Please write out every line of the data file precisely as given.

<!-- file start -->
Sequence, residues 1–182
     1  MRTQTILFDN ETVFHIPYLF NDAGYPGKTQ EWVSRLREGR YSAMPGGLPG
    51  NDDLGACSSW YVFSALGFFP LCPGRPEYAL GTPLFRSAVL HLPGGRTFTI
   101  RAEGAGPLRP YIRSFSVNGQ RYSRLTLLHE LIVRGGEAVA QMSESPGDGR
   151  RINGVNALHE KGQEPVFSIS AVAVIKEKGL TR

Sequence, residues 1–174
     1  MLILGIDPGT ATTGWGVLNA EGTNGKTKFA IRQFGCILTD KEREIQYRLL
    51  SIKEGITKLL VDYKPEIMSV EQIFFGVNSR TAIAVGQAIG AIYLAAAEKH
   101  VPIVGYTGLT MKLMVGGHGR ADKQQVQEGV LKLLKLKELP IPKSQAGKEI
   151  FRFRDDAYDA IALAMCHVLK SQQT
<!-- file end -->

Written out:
Sequence, residues 1–182
     1  MRTQTILFDN ETVFHIPYLF NDAGYPGKTQ EWVSRLREGR YSAMPGGLPG
    51  NDDLGACSSW YVFSALGFFP LCPGRPEYAL GTPLFRSAVL HLPGGRTFTI
   101  RAEGAGPLRP YIRSFSVNGQ RYSRLTLLHE LIVRGGEAVA QMSESPGDGR
   151  RINGVNALHE KGQEPVFSIS AVAVIKEKGL TR

Sequence, residues 1–174
     1  MLILGIDPGT ATTGWGVLNA EGTNGKTKFA IRQFGCILTD KEREIQYRLL
    51  SIKEGITKLL VDYKPEIMSV EQIFFGVNSR TAIAVGQAIG AIYLAAAEKH
   101  VPIVGYTGLT MKLMVGGHGR ADKQQVQEGV LKLLKLKELP IPKSQAGKEI
   151  FRFRDDAYDA IALAMCHVLK SQQT